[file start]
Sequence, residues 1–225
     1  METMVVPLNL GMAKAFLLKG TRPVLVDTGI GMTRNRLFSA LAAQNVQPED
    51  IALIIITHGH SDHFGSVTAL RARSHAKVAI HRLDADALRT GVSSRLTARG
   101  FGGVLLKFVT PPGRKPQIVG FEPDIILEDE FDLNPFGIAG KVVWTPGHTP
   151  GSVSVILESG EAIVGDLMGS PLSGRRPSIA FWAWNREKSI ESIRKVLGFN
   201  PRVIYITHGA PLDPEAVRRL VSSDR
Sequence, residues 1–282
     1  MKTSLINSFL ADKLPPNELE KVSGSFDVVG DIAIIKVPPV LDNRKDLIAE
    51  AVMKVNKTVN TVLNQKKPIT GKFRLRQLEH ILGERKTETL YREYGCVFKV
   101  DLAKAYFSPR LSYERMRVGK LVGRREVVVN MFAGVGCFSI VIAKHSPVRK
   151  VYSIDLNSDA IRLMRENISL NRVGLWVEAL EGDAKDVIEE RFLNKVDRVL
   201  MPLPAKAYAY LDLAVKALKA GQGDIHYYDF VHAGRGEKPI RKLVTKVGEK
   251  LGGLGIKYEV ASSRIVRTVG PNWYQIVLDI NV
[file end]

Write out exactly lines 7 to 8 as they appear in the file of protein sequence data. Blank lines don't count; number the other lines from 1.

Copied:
Sequence, residues 1–282
     1  MKTSLINSFL ADKLPPNELE KVSGSFDVVG DIAIIKVPPV LDNRKDLIAE